The Financial Services panel had already scheduled an FHFA oversight hearing for Thursday, where Watt is among the invited witnesses. Watt’s accuser, Simone Grimes, requested to testify at the hearing, according to a letter ranking member Maxine Waters, D-Calif., sent Monday to Chairman Jeb Hensarling, R-Texas, asking he allow Grimes to do so.

Former Rep. John Dingell Released from Hospital
Doctors and nurses had ‘heard all of John’s stories and decided it was time,’ his wife says

Rep. Debbie Dingell's office shared a photograph of former Rep. John Dingell getting discharged. (Courtesy of Dingell)

Former Rep. John Dingell has been released from the hospital following a heart attack last week. His wife, Rep. Debbie Dingell, D-Mich., joked that it was because the nurses and doctors had “heard all of John’s stories and decided it was time.”

The congresswoman thanked Henry Ford Hospital in a statement on Tuesday for her 92 year old husband’s care following his heart attack Sept. 17.

These Farm Programs Will Turn Into Pumpkins Sunday If Congress Doesn’t Act
Top negotiator on farm bill doesn’t want extension that could keep them afloat

Work requirements for SNAP recipients have been a sticking point as lawmakers try to reach a deal on the farm bill. (Christopher Furlong/Getty Images file photo)

Dozens of programs for military veterans turned farmers, small rural businesses and expanding foreign markets for agriculture will end Sunday if lawmakers do not extend the expiring 2014 farm bill.

Senate Agriculture Chairman Pat Roberts of Kansas said Monday that “it’ll be a tall order” to get a replacement for the current law completed and enacted before the midterm elections in November.

Mixed Messages: Trump Offers Platitudes, Warnings on Iran at UN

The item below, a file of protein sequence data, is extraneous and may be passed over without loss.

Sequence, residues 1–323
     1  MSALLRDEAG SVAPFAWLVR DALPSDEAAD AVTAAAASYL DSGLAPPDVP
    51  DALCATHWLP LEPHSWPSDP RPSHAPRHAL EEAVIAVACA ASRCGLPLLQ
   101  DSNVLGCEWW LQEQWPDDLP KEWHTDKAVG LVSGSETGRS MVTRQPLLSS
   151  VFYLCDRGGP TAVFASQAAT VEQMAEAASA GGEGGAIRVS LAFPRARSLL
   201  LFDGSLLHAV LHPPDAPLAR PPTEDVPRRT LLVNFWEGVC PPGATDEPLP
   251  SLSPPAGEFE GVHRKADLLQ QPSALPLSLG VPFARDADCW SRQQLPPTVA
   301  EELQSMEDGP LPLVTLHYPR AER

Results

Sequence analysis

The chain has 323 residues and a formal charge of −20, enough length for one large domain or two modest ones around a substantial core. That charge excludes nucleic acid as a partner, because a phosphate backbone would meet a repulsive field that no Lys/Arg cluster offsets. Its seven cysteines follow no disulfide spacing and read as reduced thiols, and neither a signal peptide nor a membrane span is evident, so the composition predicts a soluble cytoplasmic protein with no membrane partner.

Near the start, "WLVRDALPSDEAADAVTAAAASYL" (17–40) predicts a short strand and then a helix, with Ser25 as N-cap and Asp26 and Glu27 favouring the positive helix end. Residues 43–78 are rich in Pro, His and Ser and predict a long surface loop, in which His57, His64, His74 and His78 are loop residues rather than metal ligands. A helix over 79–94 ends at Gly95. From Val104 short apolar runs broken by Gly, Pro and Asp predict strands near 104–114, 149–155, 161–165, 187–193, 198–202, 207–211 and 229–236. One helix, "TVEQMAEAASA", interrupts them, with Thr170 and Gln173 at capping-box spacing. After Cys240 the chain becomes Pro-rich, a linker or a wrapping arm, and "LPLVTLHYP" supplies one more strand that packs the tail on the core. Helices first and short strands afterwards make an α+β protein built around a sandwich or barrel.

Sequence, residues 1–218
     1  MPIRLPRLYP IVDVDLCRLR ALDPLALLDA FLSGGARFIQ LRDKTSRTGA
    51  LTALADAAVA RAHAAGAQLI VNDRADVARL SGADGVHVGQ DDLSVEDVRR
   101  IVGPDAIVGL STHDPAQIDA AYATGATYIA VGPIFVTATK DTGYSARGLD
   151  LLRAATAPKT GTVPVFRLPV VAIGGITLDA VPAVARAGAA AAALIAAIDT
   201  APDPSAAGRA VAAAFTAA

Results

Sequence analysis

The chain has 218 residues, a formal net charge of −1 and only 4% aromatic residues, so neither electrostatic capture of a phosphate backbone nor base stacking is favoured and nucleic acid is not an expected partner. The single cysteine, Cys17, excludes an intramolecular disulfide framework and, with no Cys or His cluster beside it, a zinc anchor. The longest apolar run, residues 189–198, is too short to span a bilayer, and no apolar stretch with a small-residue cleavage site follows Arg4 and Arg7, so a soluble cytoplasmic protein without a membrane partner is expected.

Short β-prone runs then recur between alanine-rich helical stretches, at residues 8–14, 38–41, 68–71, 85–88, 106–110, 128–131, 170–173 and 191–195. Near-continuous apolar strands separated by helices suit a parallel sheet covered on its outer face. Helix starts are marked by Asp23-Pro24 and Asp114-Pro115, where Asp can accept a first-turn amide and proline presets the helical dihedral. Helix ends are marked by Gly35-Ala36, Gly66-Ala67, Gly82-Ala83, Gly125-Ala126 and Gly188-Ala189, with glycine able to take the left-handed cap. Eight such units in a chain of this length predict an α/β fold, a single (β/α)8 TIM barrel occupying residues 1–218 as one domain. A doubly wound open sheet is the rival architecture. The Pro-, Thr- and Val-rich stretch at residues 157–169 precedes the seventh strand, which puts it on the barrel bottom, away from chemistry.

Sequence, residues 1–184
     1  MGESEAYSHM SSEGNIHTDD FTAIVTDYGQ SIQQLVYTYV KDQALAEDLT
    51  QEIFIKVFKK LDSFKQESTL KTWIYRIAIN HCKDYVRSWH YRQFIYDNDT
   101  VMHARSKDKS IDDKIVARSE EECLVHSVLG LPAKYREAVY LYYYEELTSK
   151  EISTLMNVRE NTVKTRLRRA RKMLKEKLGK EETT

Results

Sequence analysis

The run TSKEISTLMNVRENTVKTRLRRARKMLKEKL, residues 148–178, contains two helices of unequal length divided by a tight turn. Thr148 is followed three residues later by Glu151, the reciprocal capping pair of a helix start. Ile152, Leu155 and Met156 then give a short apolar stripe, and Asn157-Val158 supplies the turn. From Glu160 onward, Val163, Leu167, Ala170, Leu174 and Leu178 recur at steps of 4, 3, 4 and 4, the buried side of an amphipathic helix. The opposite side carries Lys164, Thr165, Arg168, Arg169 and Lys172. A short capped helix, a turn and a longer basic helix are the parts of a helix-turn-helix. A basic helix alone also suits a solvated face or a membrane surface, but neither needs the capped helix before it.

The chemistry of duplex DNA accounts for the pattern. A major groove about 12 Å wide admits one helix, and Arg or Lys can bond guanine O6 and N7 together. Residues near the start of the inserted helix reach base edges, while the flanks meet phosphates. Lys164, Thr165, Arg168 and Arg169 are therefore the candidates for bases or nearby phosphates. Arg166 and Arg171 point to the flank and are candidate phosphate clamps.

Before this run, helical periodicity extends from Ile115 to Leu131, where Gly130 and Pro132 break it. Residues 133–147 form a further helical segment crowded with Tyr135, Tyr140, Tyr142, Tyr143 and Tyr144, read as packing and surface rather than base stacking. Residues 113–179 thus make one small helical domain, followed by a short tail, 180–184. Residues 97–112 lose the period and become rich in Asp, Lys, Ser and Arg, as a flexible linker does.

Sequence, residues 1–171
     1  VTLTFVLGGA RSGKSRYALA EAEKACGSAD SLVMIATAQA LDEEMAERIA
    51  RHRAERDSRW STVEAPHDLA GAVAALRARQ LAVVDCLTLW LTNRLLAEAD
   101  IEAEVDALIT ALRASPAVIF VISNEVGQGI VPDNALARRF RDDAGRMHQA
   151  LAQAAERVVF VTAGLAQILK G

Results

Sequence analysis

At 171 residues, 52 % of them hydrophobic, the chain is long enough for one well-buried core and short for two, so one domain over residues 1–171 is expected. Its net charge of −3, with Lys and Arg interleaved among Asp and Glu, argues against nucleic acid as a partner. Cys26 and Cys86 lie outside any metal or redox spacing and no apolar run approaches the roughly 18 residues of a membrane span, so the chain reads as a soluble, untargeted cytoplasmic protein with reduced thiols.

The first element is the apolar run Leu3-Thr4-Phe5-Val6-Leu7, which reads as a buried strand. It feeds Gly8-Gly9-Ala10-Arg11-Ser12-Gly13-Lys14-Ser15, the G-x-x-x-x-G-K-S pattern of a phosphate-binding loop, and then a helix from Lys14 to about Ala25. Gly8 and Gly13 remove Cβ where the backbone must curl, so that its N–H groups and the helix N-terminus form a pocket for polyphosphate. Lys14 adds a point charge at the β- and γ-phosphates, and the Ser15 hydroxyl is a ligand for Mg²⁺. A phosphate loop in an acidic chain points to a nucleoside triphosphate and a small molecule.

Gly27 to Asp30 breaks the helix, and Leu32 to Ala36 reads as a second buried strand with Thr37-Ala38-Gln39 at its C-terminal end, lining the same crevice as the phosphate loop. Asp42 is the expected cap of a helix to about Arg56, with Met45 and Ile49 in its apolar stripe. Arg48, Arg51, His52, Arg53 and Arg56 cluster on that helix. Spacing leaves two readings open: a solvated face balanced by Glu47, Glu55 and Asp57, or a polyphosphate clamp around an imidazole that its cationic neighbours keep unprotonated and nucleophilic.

President says Rouhani is a ‘lovely man’ and ‘sows death and destruction’

President Donald Trump addresses the United Nations General Assembly on Tuesday. He spent much of Tuesday sending mixed signals to Iranian leaders. (Spencer Platt/Getty Images)

President Donald Trump’s second day at a United Nations conference in New York began with mixed signals from the U.S. diplomat-in-chief on Iran — including platitudes and warnings.

Trump’s second address to the UN General Assembly featured plenty of vintage moments, with tough rhetoric for friends and foes alike. His message for North Korea was one of partnership a year after he declared its leader, Kim Jong Un, was on a “suicide mission.” He threatened to slash U.S. aid to many UN members and declared China’s trade practices will not be tolerated much longer.

Senate Republicans Eye Monday or Tuesday Floor Vote on Kavanaugh
Schedule assumes Judiciary Committee hearing, markup does not alter GOP plans

Protesters opposing the Brett Kavanaugh confirmation to the Supreme Court march to Sen. Susan Collins’s office on Monday, Sept. 24, 2018. (Bill Clark/CQ Roll Call)

Senate Republican leaders want to schedule a floor vote for Monday or Tuesday on the confirmation of Brett Kavanaugh to the Supreme Court “unless something derailed it along the way,” according to Senate Republican Conference Chairman John Thune of South Dakota. 

Thune told reporters at the Capitol on Tuesday that if all goes according to plan, Republicans could get the procedural gears turning over the weekend. That assumes Thursday’s hearing of the Senate Judiciary Committee featuring Kavanaugh and Christine Blasey Ford, who has accused him of sexual assault, does not alter the current trajectory that Senate GOP leaders have set.